Packed with protein, eggs are really easy to make and can be an affordable first food for your baby. Whether you boil or scramble them, they can be thinned with a bit of breastmilk or formula until your baby is ready to eat them as a finger food. Dr. Tanya Altmann even suggests making a few ahead of time to simplify mealtime!
Tried and true, veggies such as sweet potato, squash, peas, and carrots are usually on the list of first foods to offer babies. Most grocery stores will have an aisle dedicated to meals for brand new eaters and grabbing a jar or two to try is a simple first step.
You can, of course, easily boil or steam the vegetables at home (especially, if you are making some for your own meals) and either mash them well or use a blender to make your own puree. Parents.com has a great tutorial and suggestions for combining different flavors with meat and other proteins.
Babies are born predisposed to liking sweet foods so many parents try focus on getting their kids to like vegetables first. The American Academy of Pediatrics says that the order in which you introduce the foods won’t matter in the end, so don’t stress it. Let your baby eat what they like!
In addition to the traditional banana, pears, and apple purees, consider offering other fruits including apricots, cantaloupe, blueberries, peaches, and even papaya flesh which is easy to swallow and “contains enzymes that aid digestion.”
For years and years, parents reached for rice cereal as the first food for their infants. New information, however, is making many think twice and experts are also concerned. There is arsenic in rice cereal and a study published by JAMA Pediatrics showed that babies who ate rice cereal had higher concentrations of arsenic in their urine, compared to those that didn’t eat rice-based products. That’s shocking!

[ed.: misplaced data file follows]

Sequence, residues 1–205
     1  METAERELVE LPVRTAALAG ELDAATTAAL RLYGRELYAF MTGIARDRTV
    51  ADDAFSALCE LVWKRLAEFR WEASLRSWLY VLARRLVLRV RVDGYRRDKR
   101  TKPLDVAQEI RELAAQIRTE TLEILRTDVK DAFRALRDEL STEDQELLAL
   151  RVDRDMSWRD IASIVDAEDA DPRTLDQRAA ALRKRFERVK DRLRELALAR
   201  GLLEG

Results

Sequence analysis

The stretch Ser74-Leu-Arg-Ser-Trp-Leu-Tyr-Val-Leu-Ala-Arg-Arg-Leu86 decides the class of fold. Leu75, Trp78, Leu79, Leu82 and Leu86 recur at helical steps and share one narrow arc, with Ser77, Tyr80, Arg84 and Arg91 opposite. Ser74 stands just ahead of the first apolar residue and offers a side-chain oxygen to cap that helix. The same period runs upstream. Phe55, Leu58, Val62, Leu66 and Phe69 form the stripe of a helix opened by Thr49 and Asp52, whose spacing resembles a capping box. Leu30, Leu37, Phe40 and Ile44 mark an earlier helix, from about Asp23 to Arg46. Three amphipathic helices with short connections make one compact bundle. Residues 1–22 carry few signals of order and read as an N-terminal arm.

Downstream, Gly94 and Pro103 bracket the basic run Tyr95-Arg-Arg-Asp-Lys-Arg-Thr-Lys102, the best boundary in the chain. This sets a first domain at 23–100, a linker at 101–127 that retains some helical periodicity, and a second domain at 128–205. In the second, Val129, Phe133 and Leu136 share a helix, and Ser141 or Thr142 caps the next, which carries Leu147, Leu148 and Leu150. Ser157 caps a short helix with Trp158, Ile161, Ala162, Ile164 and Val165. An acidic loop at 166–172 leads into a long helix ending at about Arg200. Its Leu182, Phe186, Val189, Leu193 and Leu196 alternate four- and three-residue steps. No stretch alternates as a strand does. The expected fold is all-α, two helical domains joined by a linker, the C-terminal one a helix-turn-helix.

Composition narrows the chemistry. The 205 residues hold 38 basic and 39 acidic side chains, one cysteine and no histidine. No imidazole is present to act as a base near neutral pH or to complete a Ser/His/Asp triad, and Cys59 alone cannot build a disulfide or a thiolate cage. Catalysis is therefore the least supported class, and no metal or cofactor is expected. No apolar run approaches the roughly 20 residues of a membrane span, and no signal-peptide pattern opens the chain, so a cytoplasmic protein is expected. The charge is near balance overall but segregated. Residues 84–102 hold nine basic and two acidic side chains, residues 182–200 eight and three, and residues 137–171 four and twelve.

As Boston Children’s Hospital pediatrician, Dr. Claire McCarthy explains, “I’m going to tell parents to avoid rice cereal. There are other kinds of cereals. That one is easy — it’s definitely not a risk worth taking. And besides, rice cereal a highly refined carbohydrate that can increase the risk of obesity.”
If you’ve been warned about giving honey to babies, you’ve probably heard about botulism. The condition is rare but serious as the toxin targets the nervous system, leading to muscle weakness, difficulty breathing, and death.
The CDC states that children who developed the illness had come in contact with the C. botulinum spores which can be found in some honeys. For this reason, it is recommended that parents wait until after their child’s first birthday to offer it.
It might be tempting, as your child’s palate grows, to offer some juice with a meal but the American Academy of Pediatrics has taken a pretty definitive stance against this. For a while, they have discouraged parents from offering juice to babies under six months old but they’ve recently taken this a step further.
The new guidelines suggest that juice is never given to children in their first year of life since it offers very few nutritional benefits (especially since juice is high in sugar) and can prevent babies from getting the nutrition they need. When an infant is thirsty, the AAP recommends sticking to breast milk or formula.
Many parents might be surprised by this but giving water to infants is not recommended for a few reasons. The World Health Organization explains that even in industrialized areas, water may not be clean enough for your baby’s developing immune system and can put them at risk for infection. It can also result in malnutrition since an infant might fill up on water and not want any breast milk or formula.